by Jan on October 1, 2010

A Holiday is nearing and I am yearly visited by memories laced with gripping fear and delightful fascination. The year was 1962, I was nine years old, living in Portland Oregon and it was October 12th, Columbus Day.

As I walked to school that day, lunch box in hand filled with peanut butter on white bread, a browning banana and a thermos of milk, I noticed the air felt balmy, the sky gray and the Fall leaves were blown about by the wind. I had no idea on this daily trudge to our institution of higher learning, that I would end up huddled under the stairs with my family around one gas lantern.

Walking home from school, the wind whipped around us and we giggled at how the it blew our hair about and how silly we looked. I headed over to Nancy Robinson’s house to play. I remember eating cheese and playing the piano.

My mother called Mrs. Robinson and asked her to send me home announcing a windstorm was coming. I was on my way but got distracted by the fresh cookies in the kitchen when my mom came over herself very rattled and ranting on about this wind storm. I couldn’t see the big deal until I stepped outside.

As my mother held on to my hand, I was literally lifted up off my feet like a kite taking flight. My mom grabbed a hold of me as we hurried into the safety of our home.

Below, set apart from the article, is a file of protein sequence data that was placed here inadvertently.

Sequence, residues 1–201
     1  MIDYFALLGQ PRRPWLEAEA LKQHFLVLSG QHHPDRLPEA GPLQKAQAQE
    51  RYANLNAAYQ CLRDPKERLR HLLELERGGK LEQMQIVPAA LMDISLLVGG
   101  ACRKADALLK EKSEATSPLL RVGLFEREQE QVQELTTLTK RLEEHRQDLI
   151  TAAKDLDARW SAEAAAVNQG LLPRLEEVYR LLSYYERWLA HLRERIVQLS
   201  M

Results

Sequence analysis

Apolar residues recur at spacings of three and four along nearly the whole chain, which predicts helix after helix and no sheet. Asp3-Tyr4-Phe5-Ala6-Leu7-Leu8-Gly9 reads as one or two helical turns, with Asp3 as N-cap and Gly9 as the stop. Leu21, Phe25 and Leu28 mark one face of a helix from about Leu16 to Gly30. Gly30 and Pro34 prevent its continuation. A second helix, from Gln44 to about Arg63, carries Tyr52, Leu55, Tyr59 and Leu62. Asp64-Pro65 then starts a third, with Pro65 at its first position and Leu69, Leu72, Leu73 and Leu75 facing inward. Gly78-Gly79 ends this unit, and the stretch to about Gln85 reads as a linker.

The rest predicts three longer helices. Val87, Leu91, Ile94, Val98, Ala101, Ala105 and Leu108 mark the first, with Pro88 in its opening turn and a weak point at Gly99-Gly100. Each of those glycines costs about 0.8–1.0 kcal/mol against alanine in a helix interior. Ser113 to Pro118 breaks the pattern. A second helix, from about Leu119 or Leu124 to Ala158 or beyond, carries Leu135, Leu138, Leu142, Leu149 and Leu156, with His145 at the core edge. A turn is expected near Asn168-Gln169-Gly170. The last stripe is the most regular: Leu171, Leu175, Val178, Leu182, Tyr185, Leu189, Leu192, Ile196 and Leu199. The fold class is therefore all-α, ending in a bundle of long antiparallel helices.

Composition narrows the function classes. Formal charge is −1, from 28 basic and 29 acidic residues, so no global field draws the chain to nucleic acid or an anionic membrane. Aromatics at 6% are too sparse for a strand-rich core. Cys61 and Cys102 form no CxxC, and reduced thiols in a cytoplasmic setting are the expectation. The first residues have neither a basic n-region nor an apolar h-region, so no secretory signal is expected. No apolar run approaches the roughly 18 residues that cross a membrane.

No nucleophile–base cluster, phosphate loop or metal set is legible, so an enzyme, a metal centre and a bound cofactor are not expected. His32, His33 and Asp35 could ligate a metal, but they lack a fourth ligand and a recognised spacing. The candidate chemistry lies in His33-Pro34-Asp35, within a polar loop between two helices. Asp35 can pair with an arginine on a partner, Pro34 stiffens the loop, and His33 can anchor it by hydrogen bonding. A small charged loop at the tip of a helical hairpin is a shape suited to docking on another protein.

It wasn’t too much longer the first tree fell. The sound of timber cracking and the earth shaking thuds from the weight of the trees became the background symphony for the evening.

My mother grabbed a can of Chef Boyardee spaghetti, a camp stove and a lantern as we huddled safely away from windows and under the strong supporting beams of our home. I have never felt so terrified and yet so safe as my father assured us amidst the shattering of glass from the falling trees, that we were going to be just fine. He had been a boy scout (very impressive to a 9 year old) and had inside information on how these things happen.

By the glow of the yellowing, somewhat noxious lantern, we told stories, sang, played cards as we waited the storm out. Then silence. As we stepped outside our backyard, littered with giant fir trees, looked like an unexplored jungle. It was thrilling but the excitement only lasted until the next day when we learned of the devastation and deaths.

Every Columbus Day I remember the storm but I also remember my family huddled around the camp stove eating possibly the best spaghetti I have ever had because even though outside was dangerous and unpredictable, we were safe. We had each other and we had an expert boy scout to boot!

For more information on the Columbus Day Storm see:


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